Marietta celebrates 234th Founding Anniversary
MARIETTA, Ohio (WTAP) -It was 234 years ago that settlers found themselves along the banks of Ohio and created what we know and love today as the city of Marietta.
To celebrate this special day, Bill Reynolds, a historian at the Campus Martius Museum, impersonated General Rufus Putnam, the “father” of Ohio, and talked about Putnam’s journey to Marietta from New England.
Reynolds said he’s been studying General Putnam and many other settlers from the Ohio Company for over 40 years.
“Marietta’s history is important because you have a group of people looking to start a new life, they’re starting to live in a new democracy, so this is sort of a litmus test of how that democracy will actually function,” Reynolds said.
“I personally think it boils down to the individuals. We have so many remarkable people here, not just Rufus Putnam.”
A flag ceremony was also held at the Start Westward Monument where Jean Yost, VP of the Marietta chapter of the Sons of the American Revolution, spoke about the significance of Marietta being the first settlement of the Northwest Territory.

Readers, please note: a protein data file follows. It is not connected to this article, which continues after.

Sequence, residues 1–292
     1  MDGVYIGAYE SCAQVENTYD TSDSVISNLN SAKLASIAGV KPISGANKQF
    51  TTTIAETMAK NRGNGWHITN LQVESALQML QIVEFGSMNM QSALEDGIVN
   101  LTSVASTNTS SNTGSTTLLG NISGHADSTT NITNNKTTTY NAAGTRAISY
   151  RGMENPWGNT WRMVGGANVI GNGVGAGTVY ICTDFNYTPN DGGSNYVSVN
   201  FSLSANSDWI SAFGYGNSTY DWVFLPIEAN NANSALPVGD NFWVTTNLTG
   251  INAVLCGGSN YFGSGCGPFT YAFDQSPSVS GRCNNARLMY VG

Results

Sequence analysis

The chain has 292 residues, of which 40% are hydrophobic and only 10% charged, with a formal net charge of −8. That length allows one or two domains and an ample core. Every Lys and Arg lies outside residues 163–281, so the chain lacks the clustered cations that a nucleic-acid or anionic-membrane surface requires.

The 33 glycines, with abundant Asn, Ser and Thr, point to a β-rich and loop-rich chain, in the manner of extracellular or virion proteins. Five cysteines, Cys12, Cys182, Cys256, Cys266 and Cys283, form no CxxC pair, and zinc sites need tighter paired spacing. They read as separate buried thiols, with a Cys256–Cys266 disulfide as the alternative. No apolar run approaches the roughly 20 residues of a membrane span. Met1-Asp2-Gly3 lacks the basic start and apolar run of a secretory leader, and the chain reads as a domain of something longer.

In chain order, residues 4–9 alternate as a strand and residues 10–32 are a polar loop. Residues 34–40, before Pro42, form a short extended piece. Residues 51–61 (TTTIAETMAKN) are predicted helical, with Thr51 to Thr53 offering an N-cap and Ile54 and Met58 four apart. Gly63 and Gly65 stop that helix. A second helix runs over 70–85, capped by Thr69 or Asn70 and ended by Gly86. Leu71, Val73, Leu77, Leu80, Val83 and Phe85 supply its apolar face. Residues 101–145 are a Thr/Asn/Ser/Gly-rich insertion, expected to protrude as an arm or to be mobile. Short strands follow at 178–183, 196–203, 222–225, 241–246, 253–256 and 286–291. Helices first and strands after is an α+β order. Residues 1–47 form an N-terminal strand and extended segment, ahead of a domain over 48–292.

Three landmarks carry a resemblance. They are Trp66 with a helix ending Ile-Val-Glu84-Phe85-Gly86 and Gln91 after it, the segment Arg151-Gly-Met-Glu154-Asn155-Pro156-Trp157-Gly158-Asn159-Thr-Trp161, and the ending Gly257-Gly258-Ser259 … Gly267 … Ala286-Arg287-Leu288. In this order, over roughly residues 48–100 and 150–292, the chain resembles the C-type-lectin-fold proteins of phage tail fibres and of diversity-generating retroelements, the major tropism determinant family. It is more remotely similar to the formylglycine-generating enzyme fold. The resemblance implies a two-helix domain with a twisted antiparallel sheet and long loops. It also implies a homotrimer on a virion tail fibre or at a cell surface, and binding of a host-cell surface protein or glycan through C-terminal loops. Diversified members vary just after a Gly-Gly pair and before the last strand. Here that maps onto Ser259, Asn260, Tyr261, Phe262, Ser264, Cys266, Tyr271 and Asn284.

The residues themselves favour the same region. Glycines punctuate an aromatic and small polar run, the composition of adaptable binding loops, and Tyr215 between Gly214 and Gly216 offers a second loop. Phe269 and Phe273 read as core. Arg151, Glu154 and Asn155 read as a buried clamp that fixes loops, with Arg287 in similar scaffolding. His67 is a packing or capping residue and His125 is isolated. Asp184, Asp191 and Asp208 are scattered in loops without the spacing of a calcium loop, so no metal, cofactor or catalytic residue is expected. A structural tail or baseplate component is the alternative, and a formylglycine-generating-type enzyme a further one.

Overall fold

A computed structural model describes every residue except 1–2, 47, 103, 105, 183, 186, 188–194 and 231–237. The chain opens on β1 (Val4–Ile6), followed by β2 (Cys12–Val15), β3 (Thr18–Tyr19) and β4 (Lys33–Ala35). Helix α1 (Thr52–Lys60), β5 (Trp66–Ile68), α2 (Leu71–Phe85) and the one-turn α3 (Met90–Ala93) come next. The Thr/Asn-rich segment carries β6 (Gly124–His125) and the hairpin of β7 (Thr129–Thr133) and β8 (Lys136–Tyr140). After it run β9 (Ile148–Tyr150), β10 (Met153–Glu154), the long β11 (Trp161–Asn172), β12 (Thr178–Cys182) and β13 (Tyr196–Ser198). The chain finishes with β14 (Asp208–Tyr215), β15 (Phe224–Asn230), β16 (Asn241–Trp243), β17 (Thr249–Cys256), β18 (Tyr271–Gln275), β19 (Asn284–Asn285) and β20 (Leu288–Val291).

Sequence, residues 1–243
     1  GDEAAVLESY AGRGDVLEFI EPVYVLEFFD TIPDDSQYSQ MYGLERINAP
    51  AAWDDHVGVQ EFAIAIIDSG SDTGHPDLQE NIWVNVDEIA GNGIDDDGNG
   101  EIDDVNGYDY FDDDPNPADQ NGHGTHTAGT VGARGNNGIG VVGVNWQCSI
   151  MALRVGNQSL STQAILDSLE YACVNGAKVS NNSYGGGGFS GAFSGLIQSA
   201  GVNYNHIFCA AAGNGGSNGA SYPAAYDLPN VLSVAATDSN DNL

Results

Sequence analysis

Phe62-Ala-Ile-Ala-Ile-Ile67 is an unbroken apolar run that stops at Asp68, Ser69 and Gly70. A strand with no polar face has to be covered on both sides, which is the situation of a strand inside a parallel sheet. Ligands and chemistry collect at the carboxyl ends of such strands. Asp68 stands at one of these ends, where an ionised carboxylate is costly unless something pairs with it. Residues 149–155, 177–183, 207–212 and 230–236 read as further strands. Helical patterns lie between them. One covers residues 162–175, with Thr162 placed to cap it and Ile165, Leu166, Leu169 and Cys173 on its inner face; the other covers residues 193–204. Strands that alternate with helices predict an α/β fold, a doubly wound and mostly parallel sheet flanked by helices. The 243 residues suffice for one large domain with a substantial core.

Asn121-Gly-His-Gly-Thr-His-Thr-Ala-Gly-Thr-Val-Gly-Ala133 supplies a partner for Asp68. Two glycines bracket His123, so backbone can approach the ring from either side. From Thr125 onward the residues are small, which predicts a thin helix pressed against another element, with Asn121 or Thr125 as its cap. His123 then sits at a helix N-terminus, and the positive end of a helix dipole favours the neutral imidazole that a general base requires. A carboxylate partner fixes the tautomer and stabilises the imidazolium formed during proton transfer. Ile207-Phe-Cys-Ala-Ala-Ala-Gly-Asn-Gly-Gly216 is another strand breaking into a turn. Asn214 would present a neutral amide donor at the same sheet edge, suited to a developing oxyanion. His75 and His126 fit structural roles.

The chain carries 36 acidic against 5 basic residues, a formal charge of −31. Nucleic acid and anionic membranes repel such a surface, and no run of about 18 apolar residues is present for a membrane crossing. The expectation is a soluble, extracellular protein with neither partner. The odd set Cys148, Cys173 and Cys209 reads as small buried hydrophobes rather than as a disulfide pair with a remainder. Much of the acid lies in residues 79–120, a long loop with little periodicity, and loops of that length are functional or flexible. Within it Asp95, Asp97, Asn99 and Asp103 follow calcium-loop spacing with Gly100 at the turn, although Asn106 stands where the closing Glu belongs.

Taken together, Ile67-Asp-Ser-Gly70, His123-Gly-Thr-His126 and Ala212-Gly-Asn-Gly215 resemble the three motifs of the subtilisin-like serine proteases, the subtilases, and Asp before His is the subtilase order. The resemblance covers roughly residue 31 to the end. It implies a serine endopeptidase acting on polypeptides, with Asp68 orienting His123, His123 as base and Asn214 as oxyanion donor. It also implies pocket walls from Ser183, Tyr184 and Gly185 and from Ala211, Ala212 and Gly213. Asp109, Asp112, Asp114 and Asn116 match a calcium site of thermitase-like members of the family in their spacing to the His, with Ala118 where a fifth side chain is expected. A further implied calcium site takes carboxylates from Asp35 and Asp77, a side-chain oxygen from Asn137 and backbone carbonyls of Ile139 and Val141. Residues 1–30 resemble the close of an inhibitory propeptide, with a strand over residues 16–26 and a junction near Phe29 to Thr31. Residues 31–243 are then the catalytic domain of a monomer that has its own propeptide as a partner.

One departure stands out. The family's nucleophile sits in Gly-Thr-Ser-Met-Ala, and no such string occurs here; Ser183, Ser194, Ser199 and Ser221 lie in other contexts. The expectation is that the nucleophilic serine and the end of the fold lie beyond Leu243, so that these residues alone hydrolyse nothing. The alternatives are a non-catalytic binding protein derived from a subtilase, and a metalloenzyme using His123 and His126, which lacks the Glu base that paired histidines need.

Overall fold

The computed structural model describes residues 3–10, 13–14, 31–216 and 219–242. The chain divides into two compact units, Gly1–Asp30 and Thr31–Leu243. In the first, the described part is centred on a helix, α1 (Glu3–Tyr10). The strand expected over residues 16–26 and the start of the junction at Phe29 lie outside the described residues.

“This is really the beginnings of the true unfoldings of the American Spirit,” Yost said.
“When you look at 1787, the Ordinance was passed, it opened land as large as the original 13 colonies. It opened this land free of slavery, special rights for women, and special rights for children allowed for our court systems. So, this is really an important step from being colonies to being the United States.”
More celebrations took place at the historic Fearing House in Harmar Village.
Mary Joe Hutchinson is a long-time volunteer at the house who said she takes pride in knowing she descends from some of Marietta’s founding fathers.
“I’m very interested in history and I’m proud of my heritage. I have connections with people way back. And I like sharing it with people because there are some really interesting things,” Hutchinson said.
“I just like it when people say, ‘I never knew that,’ and we hear that a lot.”
She and other volunteers let visitors ring the bell outside the house as a way to say happy birthday to Marietta and to pay homage to its founders.
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